Syria is expanding its airline industry with a venture that may be aiding the ailing regime of President Bashar Assad. Fly Damas, the country’s newest airline, is so far flying the majority of its routes to one place — Qamishli, a city in northeastern Syria on the border of Turkey that is contested by Kurdish fighters, Arab forces and troops loyal to Assad. Fly Damas’ aircraft, based in the Syrian capital of Damascus, is the only aircraft on the radar flying into the local Qamishli airport, suggesting it is affiliated with the regime and likely to be bringing in much-needed supplies and weaponry to the Syrian army.
The formation of Fly Damas comes at a time when Assad is struggling to maintain ground in the northern part of the country: Qamishli is one of the last places in the region where Assad still controls sizable territory. It is also one of the most fraught battlegrounds for the regime because it is fighting several opposition factions, including those armed and supported by the U.S. and its anti-Islamic State group coalition.
When the U.S. began arming Arab and Kurdish forces in the area, Assad and his allies — Iranian forces and the Lebanese military group Hezbollah — sought to counter the offensive by sending more ammunition and weapons to their troops on the ground. But given the proximity of regime forces to opposition factions, Assad couldn’t risk airdrops. Likewise, weapons could not be transported through other border crossings that were manned by enemy combatants. A possible solution: fly it in.
When Fly Damas was launched last year, officials working with the airline said foreign trade sanctions were making it difficult to for the airline to fulfill demand.
“Sanctions are making it very, very difficult. Hopefully we have passed through all these difficulties,” Esmail Sharaf, vice commercial manager, said in an interview with the Telegraph recently.
A notice on the Fly Damas Facebook page said it would fly between Syria, Beirut, Amman and Saudi Arabia, prompting suggestions that Assad, after almost five years of civil war, is trying to promote Syria as a tourist destination overseas and maintain his position as Syria’s head of state for the foreseeable future. So far, though, the airline is flying only to Qamishli. The regime still controls that city's airport, as well as several other accessible yet nonfunctioning airports throughout the country. Its presence in Qamishli would not mark the first time the regime has flown aircraft to its strongholds in Syria. It is using an aircraft owned by Mahan Air, an Iranian airline, to transport supplies needed for its fight in Damascus.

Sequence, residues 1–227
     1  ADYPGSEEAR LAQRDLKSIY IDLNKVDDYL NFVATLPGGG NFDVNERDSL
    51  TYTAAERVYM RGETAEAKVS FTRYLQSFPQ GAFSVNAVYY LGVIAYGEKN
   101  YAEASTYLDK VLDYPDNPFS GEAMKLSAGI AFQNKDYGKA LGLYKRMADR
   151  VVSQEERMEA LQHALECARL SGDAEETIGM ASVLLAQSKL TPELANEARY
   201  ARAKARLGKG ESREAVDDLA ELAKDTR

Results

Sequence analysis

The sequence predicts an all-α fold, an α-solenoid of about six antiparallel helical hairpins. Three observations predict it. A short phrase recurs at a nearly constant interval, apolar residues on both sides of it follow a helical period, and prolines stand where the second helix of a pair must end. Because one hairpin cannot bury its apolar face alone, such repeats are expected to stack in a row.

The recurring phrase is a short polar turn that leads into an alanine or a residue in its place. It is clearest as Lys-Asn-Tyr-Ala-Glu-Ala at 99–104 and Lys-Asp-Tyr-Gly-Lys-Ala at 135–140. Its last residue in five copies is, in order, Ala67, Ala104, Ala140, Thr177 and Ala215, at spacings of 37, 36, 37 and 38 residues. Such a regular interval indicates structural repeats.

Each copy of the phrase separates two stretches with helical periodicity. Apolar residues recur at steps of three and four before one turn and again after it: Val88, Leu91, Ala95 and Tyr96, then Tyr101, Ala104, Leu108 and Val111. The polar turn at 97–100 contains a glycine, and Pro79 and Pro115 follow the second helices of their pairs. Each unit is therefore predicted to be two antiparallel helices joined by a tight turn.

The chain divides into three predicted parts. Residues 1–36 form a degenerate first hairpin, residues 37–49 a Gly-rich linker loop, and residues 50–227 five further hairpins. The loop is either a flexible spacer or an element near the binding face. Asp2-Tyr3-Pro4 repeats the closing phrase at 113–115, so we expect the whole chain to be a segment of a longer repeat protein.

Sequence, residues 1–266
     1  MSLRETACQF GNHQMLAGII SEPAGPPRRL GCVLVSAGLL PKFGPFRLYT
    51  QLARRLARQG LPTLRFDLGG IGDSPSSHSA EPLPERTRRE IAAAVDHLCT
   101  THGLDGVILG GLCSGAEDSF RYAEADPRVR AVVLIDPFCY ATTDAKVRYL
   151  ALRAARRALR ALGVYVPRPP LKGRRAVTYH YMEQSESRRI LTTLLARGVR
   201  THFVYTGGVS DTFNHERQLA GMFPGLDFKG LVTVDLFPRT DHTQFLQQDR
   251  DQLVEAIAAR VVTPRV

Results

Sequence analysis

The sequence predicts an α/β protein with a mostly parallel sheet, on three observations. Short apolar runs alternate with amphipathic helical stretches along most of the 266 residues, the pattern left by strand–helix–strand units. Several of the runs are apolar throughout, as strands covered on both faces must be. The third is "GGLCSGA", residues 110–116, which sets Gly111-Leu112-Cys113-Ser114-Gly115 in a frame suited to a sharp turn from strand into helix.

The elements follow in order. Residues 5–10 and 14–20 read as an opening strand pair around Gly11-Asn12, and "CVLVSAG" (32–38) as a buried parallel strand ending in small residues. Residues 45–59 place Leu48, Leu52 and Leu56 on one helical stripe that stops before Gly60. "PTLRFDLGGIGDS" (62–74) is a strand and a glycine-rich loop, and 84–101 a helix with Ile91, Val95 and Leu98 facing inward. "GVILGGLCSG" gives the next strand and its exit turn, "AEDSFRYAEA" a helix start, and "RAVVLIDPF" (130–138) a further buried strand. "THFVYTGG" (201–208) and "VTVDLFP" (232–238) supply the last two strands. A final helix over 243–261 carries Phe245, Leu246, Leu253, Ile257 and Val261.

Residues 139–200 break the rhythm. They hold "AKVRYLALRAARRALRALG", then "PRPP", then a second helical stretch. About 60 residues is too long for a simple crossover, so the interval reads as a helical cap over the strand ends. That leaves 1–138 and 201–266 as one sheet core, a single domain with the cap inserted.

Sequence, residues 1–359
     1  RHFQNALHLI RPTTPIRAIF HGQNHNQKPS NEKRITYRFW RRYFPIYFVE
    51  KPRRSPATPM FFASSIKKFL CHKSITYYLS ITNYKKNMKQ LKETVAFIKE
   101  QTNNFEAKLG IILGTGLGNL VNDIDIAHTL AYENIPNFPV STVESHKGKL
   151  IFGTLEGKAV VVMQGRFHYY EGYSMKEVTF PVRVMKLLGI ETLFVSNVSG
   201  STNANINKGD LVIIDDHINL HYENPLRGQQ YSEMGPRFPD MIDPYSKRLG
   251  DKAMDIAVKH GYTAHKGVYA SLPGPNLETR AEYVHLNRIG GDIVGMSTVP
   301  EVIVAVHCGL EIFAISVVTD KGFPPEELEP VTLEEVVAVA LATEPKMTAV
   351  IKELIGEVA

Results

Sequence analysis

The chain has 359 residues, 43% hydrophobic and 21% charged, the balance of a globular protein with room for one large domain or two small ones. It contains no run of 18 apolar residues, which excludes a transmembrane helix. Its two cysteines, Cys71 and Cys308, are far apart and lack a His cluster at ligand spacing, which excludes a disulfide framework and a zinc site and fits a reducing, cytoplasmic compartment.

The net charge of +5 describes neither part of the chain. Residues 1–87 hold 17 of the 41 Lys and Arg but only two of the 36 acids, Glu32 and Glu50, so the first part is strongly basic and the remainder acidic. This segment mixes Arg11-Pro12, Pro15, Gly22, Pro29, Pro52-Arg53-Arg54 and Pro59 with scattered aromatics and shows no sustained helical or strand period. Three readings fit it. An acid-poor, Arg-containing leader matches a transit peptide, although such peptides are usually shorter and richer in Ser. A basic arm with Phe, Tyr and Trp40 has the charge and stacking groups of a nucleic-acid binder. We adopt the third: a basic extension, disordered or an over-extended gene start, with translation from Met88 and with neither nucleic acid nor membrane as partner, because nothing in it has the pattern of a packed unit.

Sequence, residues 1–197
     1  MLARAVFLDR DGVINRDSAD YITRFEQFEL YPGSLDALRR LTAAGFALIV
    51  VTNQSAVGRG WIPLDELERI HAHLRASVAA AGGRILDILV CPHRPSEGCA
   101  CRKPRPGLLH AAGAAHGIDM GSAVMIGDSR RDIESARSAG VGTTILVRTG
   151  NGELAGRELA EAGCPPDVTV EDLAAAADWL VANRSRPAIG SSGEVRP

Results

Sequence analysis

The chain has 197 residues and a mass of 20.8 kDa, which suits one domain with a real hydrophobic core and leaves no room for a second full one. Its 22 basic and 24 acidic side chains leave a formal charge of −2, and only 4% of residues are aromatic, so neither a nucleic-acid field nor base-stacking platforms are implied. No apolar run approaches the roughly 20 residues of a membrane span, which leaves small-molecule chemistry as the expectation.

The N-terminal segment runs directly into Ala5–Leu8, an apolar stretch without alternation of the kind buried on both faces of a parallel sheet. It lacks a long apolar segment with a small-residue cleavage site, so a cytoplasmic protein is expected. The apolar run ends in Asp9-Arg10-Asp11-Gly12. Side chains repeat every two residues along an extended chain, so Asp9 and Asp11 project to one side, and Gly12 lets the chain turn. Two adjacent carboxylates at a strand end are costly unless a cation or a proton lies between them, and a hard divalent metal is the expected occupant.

Samer Al-Dehni, a native of Damascus, appears to be the owner of Fly Damas. He describes himself as the general manager in an online video and says the goal behind establishing the airline was to lend support to Syrian Air, which he said in the interview is Fly Damas’ “mother company.” Al-Dehni was formerly the commercial director at Cham Wings Airlines, whose chairman is under U.S. sanctions.
The only remaining piece of the puzzle is whether the Assad regime is using commercial airlines for military use, something which is nearly impossible to confirm because Qamishli airport is not independently monitored.
An independent air tracking agency told International Business Times that Fly Damas, although the company was created in 2013, has yet to register its papers with an international aviation group.